Yesterday I read an article about children and cell phones. It was called Children More Likely To Own A Mobile Phone Than A Book. The title alone was sad. Now, I'm not against kids having cell phones. I know many do, and at a very early age. It seems the average age is ten, or around 5th grade, but I know of younger ones. I understand every parent has their own reason for their kids having phones or not having them. To be honest, cell phones aren't my thing. I don't even keep mine on unless I'm away from home. And even so, that's only if Rick's not with me. If someone calls, they go through him. My girls have phones, but they're adults. The boys still don't have them and at this point, have no need for them.
Back to the article, which was written in the UK, but had studies done in the US -- they said 9 out of 10 students own a cell phone, whereas fewer than three-quarter of them own books in their homes. That's kind of sad. According to the article, it claimed that 80% of children who had access to books in their home were better at reading than children who had less or no books. It said children coming from homes with books remained in education three years longer than kids who came from homes with fewer books. The study says there is a clear link to a child's reading ability when they have easy access to books at their home. Click here to read the article.
Now here's the funny part -- one of my friends posted this on Facebook yesterday. I read her friend's comments and one said she felt literacy levels were rising in the UK because children had cell phones. In order for them to keep in touch with friends, they have to know how to write. Hmmm. I don't know about you, but I'm not sure "OMG, ur so dum, FML n TTYL!" should be considered writing, more or less literate. I thought about it and tried to give kids a break. After all, I use some of those terms when I'm online. But to claim that literacy and communication skills are improving because of cells and texting is absolutely ludicrous. I read another article last night (on a totally different subject) and I was flabbergasted at the comments. Some were obviously written by kids. If you don't believe me, click here. Read the comments and tell me texting and cells are improving our children's communication skills. Please, I beg you. Take your time ... I can wait.
It's depressing when you think about it. Cells are one of my pet peeves. I'm not anti-phone and don't care if others have them. But, I don't need to be in a public restroom and have some lady next to me in another stall think she has to be on the phone while she's on the toilet. Nor do I like waiting at a register while someone text messages and holds the entire line up. Last summer I watched a toddler climb onto a table at the zoo and then fall off. Both his parents finally looked up from their phones only when they heard him crying. And don't even get me started on texting/talking while driving. I'm no saint and I've been on the phone in the car, but only if it's absolutely necessary. I'm a writer, not a chit-chatter or text fanatic. So anyway, it was depressing to hear that kids are more likely to own a cell than a book, but it was laughable when people tried to justify it. Sure, we have phones, but also have shelves and shelves of books. My office/classroom is filled with books. All my kids have bookshelves in their rooms. Right as I sit here, I have several books on my nightstand, a pile on my vanity stool, several more on the vanity itself, some sitting on the floor by my chair, and a big pile of books in a little hamper that need to be put away. Maybe we're just some sort of freakish book family and an exception to what's normal.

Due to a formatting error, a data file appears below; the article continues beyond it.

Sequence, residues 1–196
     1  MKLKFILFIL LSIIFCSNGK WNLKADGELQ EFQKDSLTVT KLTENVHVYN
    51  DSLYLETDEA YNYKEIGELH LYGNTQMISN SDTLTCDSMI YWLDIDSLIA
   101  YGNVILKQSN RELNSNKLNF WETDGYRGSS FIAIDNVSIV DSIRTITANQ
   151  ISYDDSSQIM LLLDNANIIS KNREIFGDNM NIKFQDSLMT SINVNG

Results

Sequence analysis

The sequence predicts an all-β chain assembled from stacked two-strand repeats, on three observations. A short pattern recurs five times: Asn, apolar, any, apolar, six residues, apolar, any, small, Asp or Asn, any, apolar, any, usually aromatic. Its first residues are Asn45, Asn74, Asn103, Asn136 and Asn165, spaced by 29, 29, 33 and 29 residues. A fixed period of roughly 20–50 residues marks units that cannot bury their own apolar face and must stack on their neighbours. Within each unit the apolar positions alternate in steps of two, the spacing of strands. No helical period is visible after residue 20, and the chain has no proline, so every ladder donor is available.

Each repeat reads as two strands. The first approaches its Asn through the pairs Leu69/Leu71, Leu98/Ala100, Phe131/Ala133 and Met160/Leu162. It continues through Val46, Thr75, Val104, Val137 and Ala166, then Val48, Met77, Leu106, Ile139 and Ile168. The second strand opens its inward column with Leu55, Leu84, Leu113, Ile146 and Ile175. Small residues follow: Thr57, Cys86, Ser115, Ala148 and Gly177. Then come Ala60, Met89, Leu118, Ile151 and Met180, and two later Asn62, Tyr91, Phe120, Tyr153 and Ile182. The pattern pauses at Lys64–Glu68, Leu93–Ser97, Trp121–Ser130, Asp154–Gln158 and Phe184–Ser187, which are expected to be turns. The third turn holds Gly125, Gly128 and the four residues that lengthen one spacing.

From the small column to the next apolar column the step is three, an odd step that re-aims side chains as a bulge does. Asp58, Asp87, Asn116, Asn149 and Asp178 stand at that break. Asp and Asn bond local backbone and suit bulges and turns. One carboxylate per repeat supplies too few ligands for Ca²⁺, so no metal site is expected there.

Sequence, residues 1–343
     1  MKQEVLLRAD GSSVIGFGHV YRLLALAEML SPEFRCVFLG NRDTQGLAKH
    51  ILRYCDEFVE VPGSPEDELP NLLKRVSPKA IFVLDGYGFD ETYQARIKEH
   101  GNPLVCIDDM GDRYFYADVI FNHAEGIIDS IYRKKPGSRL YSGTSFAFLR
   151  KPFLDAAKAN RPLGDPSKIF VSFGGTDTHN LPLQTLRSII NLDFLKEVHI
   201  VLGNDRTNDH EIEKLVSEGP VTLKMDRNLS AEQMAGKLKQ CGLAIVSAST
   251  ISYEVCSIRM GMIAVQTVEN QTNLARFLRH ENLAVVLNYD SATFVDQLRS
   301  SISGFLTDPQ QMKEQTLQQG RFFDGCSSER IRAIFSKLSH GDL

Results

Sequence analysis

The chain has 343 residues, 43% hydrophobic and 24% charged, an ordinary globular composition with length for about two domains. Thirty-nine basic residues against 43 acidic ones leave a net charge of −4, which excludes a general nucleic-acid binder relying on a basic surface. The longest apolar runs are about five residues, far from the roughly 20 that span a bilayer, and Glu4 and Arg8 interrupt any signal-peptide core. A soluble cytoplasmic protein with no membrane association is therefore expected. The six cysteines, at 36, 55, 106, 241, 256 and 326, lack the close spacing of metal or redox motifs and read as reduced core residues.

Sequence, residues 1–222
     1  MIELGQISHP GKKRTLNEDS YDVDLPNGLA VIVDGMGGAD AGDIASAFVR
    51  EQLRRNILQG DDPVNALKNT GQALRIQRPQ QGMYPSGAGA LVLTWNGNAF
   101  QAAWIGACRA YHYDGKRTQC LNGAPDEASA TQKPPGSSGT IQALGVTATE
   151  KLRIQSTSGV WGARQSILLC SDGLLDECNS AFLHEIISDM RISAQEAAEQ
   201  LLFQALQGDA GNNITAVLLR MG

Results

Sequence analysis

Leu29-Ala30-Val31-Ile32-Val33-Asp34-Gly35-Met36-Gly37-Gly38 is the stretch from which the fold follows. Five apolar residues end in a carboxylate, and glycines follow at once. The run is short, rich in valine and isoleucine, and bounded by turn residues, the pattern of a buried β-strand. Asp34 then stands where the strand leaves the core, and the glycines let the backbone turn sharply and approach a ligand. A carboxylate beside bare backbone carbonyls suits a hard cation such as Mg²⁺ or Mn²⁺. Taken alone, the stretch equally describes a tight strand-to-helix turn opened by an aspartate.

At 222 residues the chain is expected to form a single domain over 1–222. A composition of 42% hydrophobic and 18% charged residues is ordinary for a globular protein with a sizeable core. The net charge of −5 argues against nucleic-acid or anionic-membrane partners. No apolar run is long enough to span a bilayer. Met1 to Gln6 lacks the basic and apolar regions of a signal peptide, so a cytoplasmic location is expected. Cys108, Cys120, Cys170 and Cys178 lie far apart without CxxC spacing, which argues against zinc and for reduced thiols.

However, it's still sad. It's sad to see two friends sitting together, only to be ignoring each other with cells in their hands. Sure, they're communicating, but not with each other. Will this affect us as a society in the future? Kids are our future. What happens if these kids grow up and don't know how to sign their name, more or less write a complete sentence? If you think about it, it seems really grim. BUT! Yesterday I picked up our local paper and on the second page I read this heading: BHS Juniors Earn Recognition for Writing Skills. The article goes on to say how the juniors at Bigfork High School earned higher on their Montana University System Writing Assessment than others of previous years. They scored higher than any Class AA or A school in the state and tied for first among Class B schools. Bigfork was one of several schools in the top quartile that received Awards of Merit from the Montana Board of Regents. Now kids at Bigfork High aren't any different than kids in your town. They probably all have cell phones and that's no big deal. The fact of the matter is that there is hope. Sometimes you to look a little harder to see it. So, yay for the kids at BHS! And now I leave you with this -- TTFN! (I'll let you figure that one out.)